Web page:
Commoties Report: Risk of Trade Deal has Declined
The 2018-19 grain crop harvest season is nearing its final stages, with the crops progressing under generally favorable conditions. Heavy precipitation during the early fall caused some harvest delays but the crops are still expected to be historically large, with soybeans a record. Feed supplies should be fine for the 2018-19 crop year, assuming the South American harvests are not hit with any major weather issues.
Thus, historically attractive feed prices are expected to continue to encourage protein and dairy production for 2019. The USDA is forecasting the available per-capita protein supply in 2019 to rise north of 1 percent. If realized, 2019 would mark the fifth consecutive year of a protein supply increase in the U.S.—the
biggest such streak in over two decades.
This should temper the upside in the protein markets for next year. Although milk production expansion should be adequate next year, better demand for nonfat dry milk could bring better prices for such and for cheese. But neither market is anticipated to run away.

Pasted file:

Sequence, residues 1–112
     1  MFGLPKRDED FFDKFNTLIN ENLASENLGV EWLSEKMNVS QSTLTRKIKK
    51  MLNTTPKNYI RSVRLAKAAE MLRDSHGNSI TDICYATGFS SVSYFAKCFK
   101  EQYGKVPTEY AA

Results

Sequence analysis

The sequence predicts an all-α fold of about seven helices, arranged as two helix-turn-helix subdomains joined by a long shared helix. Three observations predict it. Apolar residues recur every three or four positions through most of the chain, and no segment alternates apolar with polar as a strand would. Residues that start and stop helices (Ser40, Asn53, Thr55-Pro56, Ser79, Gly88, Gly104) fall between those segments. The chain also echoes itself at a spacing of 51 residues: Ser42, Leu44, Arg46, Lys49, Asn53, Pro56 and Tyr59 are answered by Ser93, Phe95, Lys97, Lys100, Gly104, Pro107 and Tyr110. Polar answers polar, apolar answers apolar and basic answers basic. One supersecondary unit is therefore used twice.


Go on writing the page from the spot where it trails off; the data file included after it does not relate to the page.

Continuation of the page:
Obviously, trade will be important to monitor due to the ongoing disputes and negotiations. The U.S. recently announced a new trade agreement with both Canada and Mexico. The North American Free Trade Agreement will be replaced by the United States-Mexico-Canada Agreement. Not sure this changes much for U.S. agricultural exports except the risk of trade loss has declined considerably.
Important to note is that agricultural trade with Mexico has remained strong throughout the process while Canada has only suffered slightly.
A deal with China seems far away as the two sides debate various challenges, including intellectual property theft. Negotiations are also underway with various other trading partners, including Japan.
David Maloni is commodity consultant for American Restaurant Association Inc., a food commodity research, forecasting, consulting, and contract risk management organization founded in 1996 specifically advising the US restaurant and hotel industry and supply chain.